Three remand homes are being planned for Whangarei, Palmerston North and Dunedin, in a bid to stop young offenders being remanded into youth justice residences.
It's hoped they will provide an alternative to a police cell or a motel which are being used because the country's four youth justice residences are under pressure.
Young people on remand are ending up in police cells, often because there's nowhere else for them to go.
Children's Commissioner, Judge Andrew Becroft, said the country's four youth justice residences, which each house about 40 people, were being used too often.
"The last thing we need to do is we need to aggregate young people together with the most challenging behaviours, from the most challenging environment in a concrete youth justice, effective prison," he said.
Principal youth court judge John Walker said judges did not want to remand young people to police cells, but often they had little choice, particularly if there was no suitable bail address.
"A lot of these young people who are currently in custody are there because there haven't been options available for them. Not necessarily because they need a secure setting and a key turned on them."
"Some of them do, some of them present such a high risk of reoffending in a serious way that secure containment is the only option available in the interests and safety of the public.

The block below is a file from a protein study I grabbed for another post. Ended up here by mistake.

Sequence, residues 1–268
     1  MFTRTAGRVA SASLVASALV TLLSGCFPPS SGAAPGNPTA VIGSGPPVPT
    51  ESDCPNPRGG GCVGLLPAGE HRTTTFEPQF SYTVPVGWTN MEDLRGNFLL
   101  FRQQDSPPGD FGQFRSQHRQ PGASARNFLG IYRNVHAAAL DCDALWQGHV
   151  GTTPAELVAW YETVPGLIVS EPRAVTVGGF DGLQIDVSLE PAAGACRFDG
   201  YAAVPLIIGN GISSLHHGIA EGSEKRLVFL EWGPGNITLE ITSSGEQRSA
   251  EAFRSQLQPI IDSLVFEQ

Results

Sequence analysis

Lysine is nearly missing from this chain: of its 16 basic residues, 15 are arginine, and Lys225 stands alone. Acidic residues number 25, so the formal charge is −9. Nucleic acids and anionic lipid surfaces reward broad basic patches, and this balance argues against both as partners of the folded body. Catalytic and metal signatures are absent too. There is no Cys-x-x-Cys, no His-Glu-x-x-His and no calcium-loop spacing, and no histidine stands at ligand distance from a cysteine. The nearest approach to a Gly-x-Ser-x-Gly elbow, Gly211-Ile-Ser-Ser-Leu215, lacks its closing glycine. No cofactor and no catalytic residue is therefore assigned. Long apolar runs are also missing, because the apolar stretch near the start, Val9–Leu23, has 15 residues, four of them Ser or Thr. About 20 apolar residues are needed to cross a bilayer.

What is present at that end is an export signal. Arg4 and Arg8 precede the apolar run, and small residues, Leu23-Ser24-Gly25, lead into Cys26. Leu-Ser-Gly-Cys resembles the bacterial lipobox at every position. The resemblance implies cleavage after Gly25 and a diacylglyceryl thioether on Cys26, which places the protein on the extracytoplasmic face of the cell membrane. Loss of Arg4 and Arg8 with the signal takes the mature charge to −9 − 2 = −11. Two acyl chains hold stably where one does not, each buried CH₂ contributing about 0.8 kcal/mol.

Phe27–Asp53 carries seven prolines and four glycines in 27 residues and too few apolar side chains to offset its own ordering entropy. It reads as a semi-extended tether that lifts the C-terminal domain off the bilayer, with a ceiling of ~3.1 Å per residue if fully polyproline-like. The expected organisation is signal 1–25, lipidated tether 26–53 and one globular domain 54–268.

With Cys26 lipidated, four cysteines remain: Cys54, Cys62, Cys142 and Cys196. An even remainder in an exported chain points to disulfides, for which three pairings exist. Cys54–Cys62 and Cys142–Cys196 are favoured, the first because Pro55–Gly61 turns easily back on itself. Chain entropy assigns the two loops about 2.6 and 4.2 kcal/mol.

Many of the young people taking up beds in residences could be appropriately managed in the community if there was a sufficient range of options available for judges to consider, he said.
The Ministry for Vulnerable Children, Oranga Tamariki is looking to reduce its use of residences and set up local remand homes which RNZ understands will be in Whangarei, Palmerston North and reopening a facility in Dunedin that closed about two years ago.
Dunedin barrister and youth advocate, Brian Kilkelly, said in his city's case, it would be worth it.
"The opportunity to be in remand home with house parents provides them with good parenting role models. It allows them to establish relationships with the house parents and the other kids in the facility as well," he said.
The ministry said it was still to decide how the Dunedin home would operate, and it could not say when it would reopen.
In addition, it planned to recruit and train specialist foster carers
Community's lost faith
Judge Becroft said that was going to require a rebuilding of public confidence.
"By in large the community's gradually lost faith with the old Child Youth and Family service, to provide training, support and assistance for those who volunteer.
"To the point where there's almost a great divorce between the community and the government provider," he said.
Judge Becroft said if the ministry was prepared to fund, train and support foster parents, people would come forward to help.
And he was confident remand centres - which have been tried before - could work once again.
"In the end it's a resourcing commitment.
"If we are truly to be child focussed, as Oranga Tamariki has committed itself to being, then this is the sort of situation which demands spending and resources on good community facilities," he said.
Oranga Tamariki has not said when any new remand facilities could open and how much they will cost.